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Like it or not, we are each a chimera. To varying degrees, of course. In biology, degrees rather than absolutes are the norm.

Mammals. Humans. Nine months or so inside our mother’s uterus, separated from her by just the umbilical cord. Two genetically distinct organisms cohabiting for almost a year. As I grew into existence from a zygote, some of my cells went inside my mother and stayed. Some of hers came into mine and stayed. In biology, we call this chimerism, or feto-maternal microchimerism to be exact.

Feto-maternal microchimerism. A small number of cells that arise in one person yet end up in a genetically different person. Feto-maternal. Not exclusively from the mother to the child. Not exclusively from the child to the mother. Bi-directional. Through the pregnancy, both mother and child rendered chimeric. The manliest man may have some of his mother’s cells floating around inside him. The most womanly woman may have some of her son’s cells floating around inside her. How much chimerism? Usually we don’t know unless something happens to reveal it. So what? A few genetically distinct cells floating around in our body? Yet what if such cells expand in response to disease? Ah, there lies the marvel of nature! To reveal that which is invisible to our naked eye.

Chimerism revealed*. For an unnamed woman, subject of a 2002 study**, it started with Hepatitis C. No history of transfusion. Five known pregnancies with four partners. One son delivered at full term. Unexpectedly high number of male cells in her liver biopsies. As Hepatitis C ravaged her liver, it appears that long-lived fetal microchimeric cells, maybe stem cells, remnants of one of her pregnancies, made their way from somewhere inside her body to her damaged liver and differentiated into hepatocytes, to help, to try to heal.

Our politics of identity. Absolute. Crude. Consumed by dualities. Man. Woman. Black. Brown. White. Visible to our naked eye.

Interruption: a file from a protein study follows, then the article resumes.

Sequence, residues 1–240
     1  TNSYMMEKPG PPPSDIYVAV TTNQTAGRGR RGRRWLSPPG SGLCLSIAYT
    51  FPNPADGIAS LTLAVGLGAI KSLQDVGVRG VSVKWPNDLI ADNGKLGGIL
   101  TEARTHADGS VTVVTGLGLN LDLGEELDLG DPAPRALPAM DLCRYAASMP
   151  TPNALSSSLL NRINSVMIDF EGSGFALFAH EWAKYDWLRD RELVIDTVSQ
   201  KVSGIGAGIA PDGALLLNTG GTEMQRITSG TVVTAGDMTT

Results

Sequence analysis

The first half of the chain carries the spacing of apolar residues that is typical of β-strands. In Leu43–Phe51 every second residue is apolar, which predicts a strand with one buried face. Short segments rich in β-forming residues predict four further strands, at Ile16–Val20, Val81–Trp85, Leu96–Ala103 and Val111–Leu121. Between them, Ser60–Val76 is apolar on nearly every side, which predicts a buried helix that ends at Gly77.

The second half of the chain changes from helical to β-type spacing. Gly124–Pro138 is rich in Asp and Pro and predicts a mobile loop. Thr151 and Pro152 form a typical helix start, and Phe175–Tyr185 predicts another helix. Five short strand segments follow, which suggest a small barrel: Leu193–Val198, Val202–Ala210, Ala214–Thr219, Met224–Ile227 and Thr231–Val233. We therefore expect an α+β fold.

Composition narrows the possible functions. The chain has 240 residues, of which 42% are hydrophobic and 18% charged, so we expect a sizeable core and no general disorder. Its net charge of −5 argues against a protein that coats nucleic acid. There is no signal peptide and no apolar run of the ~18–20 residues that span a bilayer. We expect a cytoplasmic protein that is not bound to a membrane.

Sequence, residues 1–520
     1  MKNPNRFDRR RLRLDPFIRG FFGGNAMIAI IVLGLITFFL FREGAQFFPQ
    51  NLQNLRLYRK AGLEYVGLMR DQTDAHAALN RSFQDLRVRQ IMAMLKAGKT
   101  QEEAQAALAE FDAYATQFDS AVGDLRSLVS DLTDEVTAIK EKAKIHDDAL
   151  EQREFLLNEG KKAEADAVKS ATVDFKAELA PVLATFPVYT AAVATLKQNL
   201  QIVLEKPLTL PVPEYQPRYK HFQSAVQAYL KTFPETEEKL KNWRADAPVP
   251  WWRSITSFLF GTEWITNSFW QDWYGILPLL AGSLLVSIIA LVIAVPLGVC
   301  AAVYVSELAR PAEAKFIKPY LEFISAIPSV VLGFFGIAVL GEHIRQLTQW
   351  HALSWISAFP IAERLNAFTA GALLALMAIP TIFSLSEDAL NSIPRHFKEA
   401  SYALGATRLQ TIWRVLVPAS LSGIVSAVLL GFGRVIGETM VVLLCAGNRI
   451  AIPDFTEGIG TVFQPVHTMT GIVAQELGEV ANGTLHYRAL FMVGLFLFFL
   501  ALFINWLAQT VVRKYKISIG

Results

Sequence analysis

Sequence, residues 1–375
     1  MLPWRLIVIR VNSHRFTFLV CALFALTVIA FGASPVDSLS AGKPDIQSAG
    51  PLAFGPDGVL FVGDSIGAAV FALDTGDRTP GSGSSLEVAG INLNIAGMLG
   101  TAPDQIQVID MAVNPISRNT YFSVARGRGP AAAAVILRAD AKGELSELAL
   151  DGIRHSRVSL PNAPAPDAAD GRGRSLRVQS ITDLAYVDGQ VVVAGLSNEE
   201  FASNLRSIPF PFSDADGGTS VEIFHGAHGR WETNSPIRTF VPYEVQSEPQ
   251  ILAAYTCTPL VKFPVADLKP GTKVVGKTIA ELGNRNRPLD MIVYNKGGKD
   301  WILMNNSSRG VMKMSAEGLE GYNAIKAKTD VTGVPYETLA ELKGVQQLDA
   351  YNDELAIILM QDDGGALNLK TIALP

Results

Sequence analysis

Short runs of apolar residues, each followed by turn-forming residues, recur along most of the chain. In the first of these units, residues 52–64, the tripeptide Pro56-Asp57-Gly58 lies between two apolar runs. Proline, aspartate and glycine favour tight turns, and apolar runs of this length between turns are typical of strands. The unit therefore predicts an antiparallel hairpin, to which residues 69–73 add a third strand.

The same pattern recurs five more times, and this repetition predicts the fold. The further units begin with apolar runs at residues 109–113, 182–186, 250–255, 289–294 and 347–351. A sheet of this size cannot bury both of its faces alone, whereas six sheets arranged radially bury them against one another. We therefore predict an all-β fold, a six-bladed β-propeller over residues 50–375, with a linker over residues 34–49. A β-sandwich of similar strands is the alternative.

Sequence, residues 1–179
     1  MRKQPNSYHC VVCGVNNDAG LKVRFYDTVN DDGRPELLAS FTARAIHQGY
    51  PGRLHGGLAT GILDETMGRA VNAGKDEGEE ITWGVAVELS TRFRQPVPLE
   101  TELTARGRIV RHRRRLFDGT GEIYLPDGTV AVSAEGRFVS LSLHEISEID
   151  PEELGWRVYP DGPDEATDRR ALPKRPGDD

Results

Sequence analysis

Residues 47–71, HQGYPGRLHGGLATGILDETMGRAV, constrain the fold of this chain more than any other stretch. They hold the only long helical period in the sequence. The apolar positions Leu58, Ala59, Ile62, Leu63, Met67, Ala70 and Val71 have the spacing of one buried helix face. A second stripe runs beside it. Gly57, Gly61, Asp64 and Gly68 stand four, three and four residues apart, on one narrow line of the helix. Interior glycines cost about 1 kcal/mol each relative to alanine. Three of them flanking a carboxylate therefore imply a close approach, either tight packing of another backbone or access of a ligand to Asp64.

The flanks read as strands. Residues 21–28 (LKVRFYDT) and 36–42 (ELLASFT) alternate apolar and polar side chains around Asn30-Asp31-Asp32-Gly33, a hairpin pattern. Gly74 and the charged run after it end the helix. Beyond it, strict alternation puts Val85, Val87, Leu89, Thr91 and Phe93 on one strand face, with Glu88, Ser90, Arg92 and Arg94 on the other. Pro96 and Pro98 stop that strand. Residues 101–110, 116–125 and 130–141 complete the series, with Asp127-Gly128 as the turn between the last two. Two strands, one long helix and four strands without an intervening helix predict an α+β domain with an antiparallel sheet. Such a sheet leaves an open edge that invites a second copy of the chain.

Our naked eye may erroneously favor absolutes. If we foolishly forget its unreliability, we have our magicians to remind us. Nature however favors nuance. Through feto-maternal microchimerism, Nature reminds us there’s usually more than meets our naked eye. Would the chimerism represented by a few genetically distinct cells really threaten our notion of personhood? Doesn’t a little injection of our biological dictate into our politics of identity instead help clarify and refine our understanding of not so much who rather what each one of us is? A chimera. Those absolutes our naked eye perceives? Not so absolute after all. Mutually exclusive, each of us? Not at all. Rather a Venn diagram of overlapping selves. Some selves overlap more, others less. Yet overlap we all do. Whether we like it or not. It’s our biological dictate. Science has proven it to us.

All well and good. What to do about this dictate?

When even the most blindingly different part about our biology, our male and female selves, overlaps, maybe we could begin by embracing this nuance that Nature bestows upon us, and having embraced it, inject it into our politics of identity. If we did so, we may finally attain the politics our biology decrees, a politics that reflects our true subtlety and nuance rather than the one of faulty absolutes contrived by the prejudices of our fallible naked eye. Doesn’t a politics subsumed by awareness of our overlapping selves better reflect our biology rather than one at war with those overlaps?

* While the labs of Diana W. Bianchi, J. Lee Nelson and others are modern-day pioneers in revealing to us the chimeras we are, our scientific literature suggests we had some knowledge of this since at least the 19th century.
**Significant fetal cell microchimerism in a nontransfused woman with hepatitis C: Evidence of long-term survival and expansion

Post by Tirumalai Kamala:

Our Identity: Part Three
The Biology of Us versus our Politics of Identity. The Profound versus the Profane.

Our Identity: Part Three
The Biology of Us versus our Politics of Identity. The Profound versus the Profane.

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